Reviewed by: HU Medical Review Board | Last reviewed: March 2023
Genvoya is a combination medication that contains elvitegravir, cobicistat, emtricitabine and tenofovir alafenamide. It is used as a standalone antiretroviral therapy (ART) regimen for HIV-1 in adults and children who weigh at least 55 pounds (25 kg) who have never taken HIV medications before.
Individuals who have previously taken HIV medications can still take Genvoya, as long as they have no drug resistance mutations to any of the ingredients in Genvoya and have had a viral load (amount of HIV in the blood) of 50 copies per mL or less on a stable ART regimen for at least six months.
Although it is not a cure for HIV, when taken as directed, it allows for the virus to be suppressed. This prevents further transmission of HIV and allows an individual’s immune system to improve through increasing CD4 cell counts and decreasing the amount of active virus in the blood (viral load).
What are the ingredients in Genvoya?
The main ingredients in Genvoya are elvitegravir, cobicistat, emtricitabine and tenofovir alafenamide. Elvitegravir is an integrase strand transfer inhibitor (INSTI, also known as an integrase inhibitor). Cobicistat is a CYP3A inhibitor, also referred to as a pharmacokinetic enhancer. Emtricitabine and tenofovir alafenamide are nucleoside reverse transcriptase inhibitors (NRTIs).
How does Genvoya work?
Genvoya is a combination of two NRTI medications, an integrase inhibitor, and a pharmacokinetic enhancer. NRTIs stop the reverse transcription step of the HIV life cycle. Normally, HIV uses its reverse transcriptase enzyme to build a strand of DNA from its original RNA form. In order to do this, it uses genetic building blocks called nucleosides that come from the host cell. These nucleosides are strung together one at a time, like beads on a string, to create the final DNA product.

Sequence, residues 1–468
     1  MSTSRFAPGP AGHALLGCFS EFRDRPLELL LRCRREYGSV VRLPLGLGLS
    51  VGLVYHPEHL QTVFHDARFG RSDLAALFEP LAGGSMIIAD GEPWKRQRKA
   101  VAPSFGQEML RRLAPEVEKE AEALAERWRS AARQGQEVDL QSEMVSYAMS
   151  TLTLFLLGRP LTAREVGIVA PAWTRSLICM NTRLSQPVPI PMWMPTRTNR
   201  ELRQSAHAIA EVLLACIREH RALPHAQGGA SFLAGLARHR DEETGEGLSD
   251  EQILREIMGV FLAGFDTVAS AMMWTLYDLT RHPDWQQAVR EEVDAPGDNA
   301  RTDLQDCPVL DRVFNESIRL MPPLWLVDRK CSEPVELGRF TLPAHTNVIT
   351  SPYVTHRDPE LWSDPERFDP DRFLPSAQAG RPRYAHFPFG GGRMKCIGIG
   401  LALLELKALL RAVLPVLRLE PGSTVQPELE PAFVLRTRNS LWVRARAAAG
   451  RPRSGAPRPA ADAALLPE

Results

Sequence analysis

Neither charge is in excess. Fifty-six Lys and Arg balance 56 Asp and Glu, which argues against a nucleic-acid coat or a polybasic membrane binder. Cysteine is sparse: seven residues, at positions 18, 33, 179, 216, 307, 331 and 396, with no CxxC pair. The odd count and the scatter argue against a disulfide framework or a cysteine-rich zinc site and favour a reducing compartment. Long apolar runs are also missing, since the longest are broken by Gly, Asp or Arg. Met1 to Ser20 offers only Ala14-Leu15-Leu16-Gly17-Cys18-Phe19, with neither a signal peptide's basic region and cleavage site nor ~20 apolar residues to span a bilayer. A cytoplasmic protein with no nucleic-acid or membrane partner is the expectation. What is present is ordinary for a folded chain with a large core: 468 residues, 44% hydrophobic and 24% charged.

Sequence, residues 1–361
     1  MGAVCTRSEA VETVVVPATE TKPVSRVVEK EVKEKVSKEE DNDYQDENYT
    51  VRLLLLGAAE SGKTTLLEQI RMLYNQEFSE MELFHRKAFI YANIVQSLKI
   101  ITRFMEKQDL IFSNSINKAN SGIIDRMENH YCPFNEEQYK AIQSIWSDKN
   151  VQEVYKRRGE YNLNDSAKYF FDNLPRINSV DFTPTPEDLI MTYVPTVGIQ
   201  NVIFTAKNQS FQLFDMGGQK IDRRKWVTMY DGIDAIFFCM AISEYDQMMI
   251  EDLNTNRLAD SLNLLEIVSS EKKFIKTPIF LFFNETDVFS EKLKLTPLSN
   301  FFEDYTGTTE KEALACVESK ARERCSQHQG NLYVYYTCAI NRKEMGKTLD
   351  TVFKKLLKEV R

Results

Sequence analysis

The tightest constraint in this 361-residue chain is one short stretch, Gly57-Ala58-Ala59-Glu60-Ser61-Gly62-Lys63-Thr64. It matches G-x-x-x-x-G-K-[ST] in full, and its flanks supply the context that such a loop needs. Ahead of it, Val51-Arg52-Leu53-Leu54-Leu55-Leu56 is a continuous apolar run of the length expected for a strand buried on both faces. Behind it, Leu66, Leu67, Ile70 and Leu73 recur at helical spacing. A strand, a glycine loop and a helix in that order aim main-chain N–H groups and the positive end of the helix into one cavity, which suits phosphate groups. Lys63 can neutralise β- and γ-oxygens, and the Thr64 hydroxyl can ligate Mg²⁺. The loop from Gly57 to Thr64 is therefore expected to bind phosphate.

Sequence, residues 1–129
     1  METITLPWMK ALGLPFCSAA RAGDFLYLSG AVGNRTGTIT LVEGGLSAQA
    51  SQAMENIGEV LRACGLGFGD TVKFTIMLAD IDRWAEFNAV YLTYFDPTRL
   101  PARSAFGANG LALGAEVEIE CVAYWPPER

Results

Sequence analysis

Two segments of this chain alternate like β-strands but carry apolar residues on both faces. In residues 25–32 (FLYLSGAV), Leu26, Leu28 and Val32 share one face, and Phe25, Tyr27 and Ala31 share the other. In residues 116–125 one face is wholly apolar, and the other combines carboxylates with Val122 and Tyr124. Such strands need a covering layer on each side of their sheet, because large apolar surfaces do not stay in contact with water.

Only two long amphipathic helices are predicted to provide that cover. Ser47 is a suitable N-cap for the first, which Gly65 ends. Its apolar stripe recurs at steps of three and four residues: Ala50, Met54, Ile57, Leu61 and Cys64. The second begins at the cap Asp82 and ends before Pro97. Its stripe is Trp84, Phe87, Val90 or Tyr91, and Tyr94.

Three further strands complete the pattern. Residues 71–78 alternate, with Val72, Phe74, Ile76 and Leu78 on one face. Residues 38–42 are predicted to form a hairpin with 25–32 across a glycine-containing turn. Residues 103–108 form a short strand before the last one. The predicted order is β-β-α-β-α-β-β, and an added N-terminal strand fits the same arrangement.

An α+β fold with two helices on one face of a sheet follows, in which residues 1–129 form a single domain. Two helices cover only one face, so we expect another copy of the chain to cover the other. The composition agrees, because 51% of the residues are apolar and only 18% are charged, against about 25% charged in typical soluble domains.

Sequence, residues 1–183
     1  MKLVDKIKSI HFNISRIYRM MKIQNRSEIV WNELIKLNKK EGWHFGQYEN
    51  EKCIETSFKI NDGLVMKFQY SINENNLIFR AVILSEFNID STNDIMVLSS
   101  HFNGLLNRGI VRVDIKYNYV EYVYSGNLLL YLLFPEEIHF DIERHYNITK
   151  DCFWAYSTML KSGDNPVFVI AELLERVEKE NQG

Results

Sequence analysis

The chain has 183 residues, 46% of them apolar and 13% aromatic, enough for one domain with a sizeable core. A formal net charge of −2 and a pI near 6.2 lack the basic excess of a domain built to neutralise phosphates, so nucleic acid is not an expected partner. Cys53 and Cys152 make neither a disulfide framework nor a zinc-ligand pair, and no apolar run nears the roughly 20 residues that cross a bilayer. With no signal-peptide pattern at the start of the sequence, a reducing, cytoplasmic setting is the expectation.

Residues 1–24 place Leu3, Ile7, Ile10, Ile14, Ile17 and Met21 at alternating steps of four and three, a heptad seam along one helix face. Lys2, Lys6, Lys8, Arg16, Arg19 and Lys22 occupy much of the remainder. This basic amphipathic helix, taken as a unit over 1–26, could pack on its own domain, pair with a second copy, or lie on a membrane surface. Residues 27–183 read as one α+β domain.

How do NRTIs work?
NRTIs act as nucleoside mimics that stop the DNA-building process. NRTIs look like normal nucleosides, except they’re missing a special chemical group on one side. Without this group, the reverse transcriptase enzyme is unable to attach more nucleosides to the chain after them. This prevents the full string of DNA from being formed, preventing HIV RNA from making it all the way through the reverse transcription process and into host DNA for further replication.
How do integrase inhibitors work?
After HIV RNA is reverse transcribed into newly-formed DNA, it gets integrated into the host cell DNA using an enzyme called integrase. This allows HIV to be actively replicated with the rest of our DNA as our cell carries out its normal functions. Integrase inhibitors can be used to block the integrase enzyme and prevent the integration of HIV DNA into our host cells. If HIV’s DNA cannot be inserted into our host cells’ genome, the virus cannot continue to be replicated, assembled into mature virus particles, and released into the blood to continue infecting other cells.
How do pharmacokinetic enhancers work?
Pharmacokinetic enhancers don’t directly target and treat HIV. Instead, they inhibit an enzyme in the human body called cytochrome P450 3A4, also called CYP3A4. Normally, CYP3A4 helps break down drugs and other molecules in the body so that they can be eliminated. Drugs that get broken down, or metabolized, by this enzyme are prevented from staying in the body for too long.